Our recent work in West Hartford, CT has served as a reminder of the positive role that enlightened property owners can play in improving downtown retail environments. In our research, we came across an older article memorializing the life of Richard Mahoney, otherwise known as “Mr. West Hartford Center”. For those unfamiliar with West Hartford Center, it is the historic downtown of the community of West Hartford, surrounded by walkable, dense residential neighborhoods that continue to attract people looking for small town living. (I think of places like West Hartford when naysayers say that millennials are moving to the suburbs when in actuality they are moving to towns like this which offer the best of urban living in what are typically categorized as “suburban” environments, yet are anything but!).

Robert Mahoney’s efforts to revitalize West Hartford include lessons and best practices that still resonate with us today. He utilized quite a number of shopping industry tricks of the trade. For readers of this blog, you know that we firmly believe that downtown environments need to be managed in ways more akin to shopping centers – and we love finding examples of how this can work in downtown environments.

Back to Mahoney, here are a few examples of what he did to enliven the downtown according, taken (mostly) from an article in The Hartford Courant.  We loved that these interventions aligned so well with our SMAR2T framework, so we took the liberty of organizing the elements of Mahoney’s approach along those lines.

  • Mahoney supported growth in local Administrative Capacity
    • Early on he realized how critical a viable merchant’s association was to overall revitalization efforts and required his own tenants to join the Chamber of Commerce and the Merchants Association. He also asked other landlords to match their tenant’s contributions to these organizations.
    • Another key element of Administrative Capacity is leadership – and Mahoney’s leadership and advocacy was clearly instrumental in advancing some of the initiatives outlined here. In our experience, having someone like Mahoney, who is able to build coalitions and strike compromise and who has the confidence of stakeholders from both the public and private sectors, is key to advancing many revitalization efforts. A great leader is someone who is pretty good at herding cats, and it seems that Mahoney had that quality.
  • Encouraged on-going Redevelopment in both the Public and Private Realms
    • Landlords were encouraged to maintain and refresh their stores regularly to keep them from looking dated. In the retail industry we call this redevelopment or repositioning. Malls typically do a refresh every ten to fifteen years or so to stay competitive and current.
    • Investments were made in holiday lights and decorations, as well as planters on public sidewalks (that were watered!)
    • While the article failed to mention Mahoney’s role in the shared parking lot to the rear of the stores, which required complicated easements and land swaps to allow for access and municipal maintenance, it probably wouldn’t be a stretch to suggest that he had something substantial to do with it. We believe this shared parking initiative helped ensure that parking supply was sufficient to meet demand. Frankly, we were a bit surprised that parking woes did not come up first among local business concerns as parking is typically the number one issue that drives business complaints.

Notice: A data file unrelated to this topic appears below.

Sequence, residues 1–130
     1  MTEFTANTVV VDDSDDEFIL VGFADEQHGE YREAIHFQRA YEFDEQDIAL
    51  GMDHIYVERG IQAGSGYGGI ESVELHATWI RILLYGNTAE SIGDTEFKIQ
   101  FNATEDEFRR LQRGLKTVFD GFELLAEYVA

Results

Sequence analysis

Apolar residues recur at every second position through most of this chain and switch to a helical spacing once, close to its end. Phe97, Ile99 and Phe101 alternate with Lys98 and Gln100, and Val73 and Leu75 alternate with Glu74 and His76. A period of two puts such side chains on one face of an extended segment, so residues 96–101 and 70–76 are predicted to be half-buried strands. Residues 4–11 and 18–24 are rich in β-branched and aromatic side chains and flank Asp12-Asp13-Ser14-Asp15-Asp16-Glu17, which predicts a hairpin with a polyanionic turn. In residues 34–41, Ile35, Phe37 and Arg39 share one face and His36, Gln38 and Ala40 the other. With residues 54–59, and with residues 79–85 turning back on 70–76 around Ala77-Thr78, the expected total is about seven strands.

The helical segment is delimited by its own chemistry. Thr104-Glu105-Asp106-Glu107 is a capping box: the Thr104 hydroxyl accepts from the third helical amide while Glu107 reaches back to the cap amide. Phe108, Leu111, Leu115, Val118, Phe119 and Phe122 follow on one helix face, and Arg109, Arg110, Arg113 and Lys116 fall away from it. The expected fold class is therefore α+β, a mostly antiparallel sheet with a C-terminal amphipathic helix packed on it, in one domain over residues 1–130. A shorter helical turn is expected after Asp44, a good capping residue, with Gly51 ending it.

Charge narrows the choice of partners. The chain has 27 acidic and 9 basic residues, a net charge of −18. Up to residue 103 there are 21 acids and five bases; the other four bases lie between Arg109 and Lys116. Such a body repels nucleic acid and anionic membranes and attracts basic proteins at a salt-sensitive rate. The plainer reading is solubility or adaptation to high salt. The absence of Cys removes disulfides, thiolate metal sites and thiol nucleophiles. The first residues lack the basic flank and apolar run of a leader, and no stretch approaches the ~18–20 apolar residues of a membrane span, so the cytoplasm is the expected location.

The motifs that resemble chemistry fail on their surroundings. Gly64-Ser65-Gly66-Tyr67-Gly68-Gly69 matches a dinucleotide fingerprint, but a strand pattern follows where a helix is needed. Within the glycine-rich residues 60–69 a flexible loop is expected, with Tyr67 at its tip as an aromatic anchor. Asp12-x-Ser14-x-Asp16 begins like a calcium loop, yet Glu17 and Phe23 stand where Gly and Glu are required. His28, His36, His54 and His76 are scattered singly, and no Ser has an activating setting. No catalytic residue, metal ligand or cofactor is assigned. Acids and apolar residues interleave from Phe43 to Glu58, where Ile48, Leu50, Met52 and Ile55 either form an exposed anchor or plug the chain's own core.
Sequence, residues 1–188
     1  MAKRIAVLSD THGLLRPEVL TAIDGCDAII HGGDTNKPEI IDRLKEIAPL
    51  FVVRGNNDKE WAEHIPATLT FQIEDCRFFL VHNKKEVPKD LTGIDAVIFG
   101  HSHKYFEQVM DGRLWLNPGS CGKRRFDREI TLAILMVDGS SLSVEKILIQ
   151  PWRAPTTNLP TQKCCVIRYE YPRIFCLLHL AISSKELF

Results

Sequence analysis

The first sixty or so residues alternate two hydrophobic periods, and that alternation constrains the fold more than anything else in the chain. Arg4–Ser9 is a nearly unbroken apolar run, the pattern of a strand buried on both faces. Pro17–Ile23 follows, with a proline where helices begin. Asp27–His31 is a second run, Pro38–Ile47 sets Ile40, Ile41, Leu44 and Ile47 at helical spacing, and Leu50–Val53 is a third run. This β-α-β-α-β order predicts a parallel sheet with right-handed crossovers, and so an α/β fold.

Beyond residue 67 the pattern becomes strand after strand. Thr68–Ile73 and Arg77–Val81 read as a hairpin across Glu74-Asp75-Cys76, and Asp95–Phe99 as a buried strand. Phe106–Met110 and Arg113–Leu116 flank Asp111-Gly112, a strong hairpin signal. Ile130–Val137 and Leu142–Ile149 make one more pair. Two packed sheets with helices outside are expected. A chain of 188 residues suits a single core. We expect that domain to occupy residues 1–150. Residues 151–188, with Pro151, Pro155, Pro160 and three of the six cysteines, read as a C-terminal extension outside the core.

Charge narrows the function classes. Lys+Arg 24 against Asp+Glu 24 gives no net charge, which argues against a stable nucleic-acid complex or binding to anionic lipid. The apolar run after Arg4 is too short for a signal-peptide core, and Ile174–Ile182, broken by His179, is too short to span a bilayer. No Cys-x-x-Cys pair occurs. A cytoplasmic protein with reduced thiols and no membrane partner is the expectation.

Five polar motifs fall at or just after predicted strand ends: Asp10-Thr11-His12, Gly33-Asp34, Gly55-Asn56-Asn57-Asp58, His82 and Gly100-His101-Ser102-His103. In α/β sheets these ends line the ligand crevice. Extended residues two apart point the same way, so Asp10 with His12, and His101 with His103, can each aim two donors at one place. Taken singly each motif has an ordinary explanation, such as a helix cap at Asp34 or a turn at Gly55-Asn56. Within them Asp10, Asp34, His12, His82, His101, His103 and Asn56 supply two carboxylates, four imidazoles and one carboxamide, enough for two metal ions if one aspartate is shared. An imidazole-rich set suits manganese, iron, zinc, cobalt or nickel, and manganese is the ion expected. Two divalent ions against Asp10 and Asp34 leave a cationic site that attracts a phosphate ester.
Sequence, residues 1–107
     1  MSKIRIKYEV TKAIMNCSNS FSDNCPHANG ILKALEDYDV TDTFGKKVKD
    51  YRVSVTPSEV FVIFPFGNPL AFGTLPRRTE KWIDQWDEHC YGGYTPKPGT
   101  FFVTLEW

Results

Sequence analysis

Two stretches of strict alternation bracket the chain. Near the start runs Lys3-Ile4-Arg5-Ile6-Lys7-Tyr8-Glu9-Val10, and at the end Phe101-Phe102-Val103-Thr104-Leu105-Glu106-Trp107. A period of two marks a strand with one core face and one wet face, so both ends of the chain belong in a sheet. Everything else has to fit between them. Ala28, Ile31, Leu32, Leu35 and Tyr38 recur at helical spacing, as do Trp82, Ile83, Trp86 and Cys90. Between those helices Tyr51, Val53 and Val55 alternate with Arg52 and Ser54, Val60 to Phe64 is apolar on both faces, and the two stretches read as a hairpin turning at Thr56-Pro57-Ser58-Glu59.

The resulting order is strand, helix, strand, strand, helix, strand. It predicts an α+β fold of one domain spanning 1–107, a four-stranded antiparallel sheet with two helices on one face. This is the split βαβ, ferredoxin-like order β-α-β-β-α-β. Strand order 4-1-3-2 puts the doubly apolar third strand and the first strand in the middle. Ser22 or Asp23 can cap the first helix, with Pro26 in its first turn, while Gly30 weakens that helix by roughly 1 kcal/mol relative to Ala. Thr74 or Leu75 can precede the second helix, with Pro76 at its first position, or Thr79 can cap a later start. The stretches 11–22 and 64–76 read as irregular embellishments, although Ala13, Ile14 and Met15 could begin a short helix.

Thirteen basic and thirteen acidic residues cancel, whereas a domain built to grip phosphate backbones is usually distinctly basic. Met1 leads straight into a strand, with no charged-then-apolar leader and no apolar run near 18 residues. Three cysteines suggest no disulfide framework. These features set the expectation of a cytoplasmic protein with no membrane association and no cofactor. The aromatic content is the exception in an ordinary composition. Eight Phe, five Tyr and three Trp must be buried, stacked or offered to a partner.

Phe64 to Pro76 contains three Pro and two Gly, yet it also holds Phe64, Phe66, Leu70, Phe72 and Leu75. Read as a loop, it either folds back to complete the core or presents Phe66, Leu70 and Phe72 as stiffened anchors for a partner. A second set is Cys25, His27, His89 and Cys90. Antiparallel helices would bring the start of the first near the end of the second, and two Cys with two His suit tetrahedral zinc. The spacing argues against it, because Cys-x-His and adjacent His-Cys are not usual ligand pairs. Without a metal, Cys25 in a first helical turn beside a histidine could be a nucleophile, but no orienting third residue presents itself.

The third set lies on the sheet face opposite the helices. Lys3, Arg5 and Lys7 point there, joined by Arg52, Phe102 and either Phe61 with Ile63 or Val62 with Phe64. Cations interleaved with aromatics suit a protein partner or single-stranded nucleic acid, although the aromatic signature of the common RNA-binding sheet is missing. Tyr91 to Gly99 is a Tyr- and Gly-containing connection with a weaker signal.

• Promotion and Marketing Efforts to drive Retail Sales
    • Holiday television advertisements helped raise awareness of the district
    • Evening shopping hours
  • Improvements to Tenant Mix
    • Mahoney was selective in filling vacancies – sometimes choosing to leave a space vacant until the right business came along. (This is notable for communities looking to institute vacancy penalties. Sometimes vacancies are necessary in support of longer term goals).
    • While Mahoney came to see the value in restaurants, he initially believed that too many restaurants decreased retail traffic. He discouraging landlords from allowing more than one food establishment per property and also once turned down a Starbucks because he thought it would compete with another cafe in the downtown. He didn’t like banks or financial companies because of the “boring face” they offered to passersby.

Putting it all together, this was quite a comprehensive and well thought out effort to revitalize the downtown and by every indication it worked extremely well. Today West Hartford supports over a hundred retail and service-oriented businesses and continues to pull visitors from throughout the region. It maintains strong retail leasing fundamentals (low vacancy rates and high rental rates) and a good mix of both national chains and mom-and-pop stores. As a subconsultant to FHI, the planning firm leading an update of the town’s Plan of Conservation and Development, we are thrilled to play a role in developing the market research and planning tools that will help ensure that West Hartford Center sees another decade of success. As we develop strategies for the next ten years, you can rest assured that the legacy of Robert Mahoney will continue to guide our efforts.

Larisa Ortiz Associates is a full-service retail planning firm. For more information on how we can help your downtown or mixed-use development, please contact us at info@larisaortizassociates.com or call us at 718-205-5116.